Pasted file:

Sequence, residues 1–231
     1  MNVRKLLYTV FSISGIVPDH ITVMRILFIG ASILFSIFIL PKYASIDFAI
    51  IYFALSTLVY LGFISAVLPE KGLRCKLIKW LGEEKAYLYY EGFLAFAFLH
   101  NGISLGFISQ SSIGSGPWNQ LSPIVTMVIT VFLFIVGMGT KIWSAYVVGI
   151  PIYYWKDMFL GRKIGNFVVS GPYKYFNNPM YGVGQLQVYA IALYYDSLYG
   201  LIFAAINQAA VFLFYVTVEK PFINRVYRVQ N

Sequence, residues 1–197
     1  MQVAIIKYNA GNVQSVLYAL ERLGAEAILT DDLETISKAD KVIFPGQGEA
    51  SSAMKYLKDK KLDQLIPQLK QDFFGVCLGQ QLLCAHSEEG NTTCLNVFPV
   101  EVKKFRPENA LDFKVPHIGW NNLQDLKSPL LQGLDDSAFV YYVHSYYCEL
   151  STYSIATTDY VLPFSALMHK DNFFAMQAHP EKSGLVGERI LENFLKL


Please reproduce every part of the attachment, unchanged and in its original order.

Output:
Sequence, residues 1–231
     1  MNVRKLLYTV FSISGIVPDH ITVMRILFIG ASILFSIFIL PKYASIDFAI
    51  IYFALSTLVY LGFISAVLPE KGLRCKLIKW LGEEKAYLYY EGFLAFAFLH
   101  NGISLGFISQ SSIGSGPWNQ LSPIVTMVIT VFLFIVGMGT KIWSAYVVGI
   151  PIYYWKDMFL GRKIGNFVVS GPYKYFNNPM YGVGQLQVYA IALYYDSLYG
   201  LIFAAINQAA VFLFYVTVEK PFINRVYRVQ N

Sequence, residues 1–197
     1  MQVAIIKYNA GNVQSVLYAL ERLGAEAILT DDLETISKAD KVIFPGQGEA
    51  SSAMKYLKDK KLDQLIPQLK QDFFGVCLGQ QLLCAHSEEG NTTCLNVFPV
   101  EVKKFRPENA LDFKVPHIGW NNLQDLKSPL LQGLDDSAFV YYVHSYYCEL
   151  STYSIATTDY VLPFSALMHK DNFFAMQAHP EKSGLVGERI LENFLKL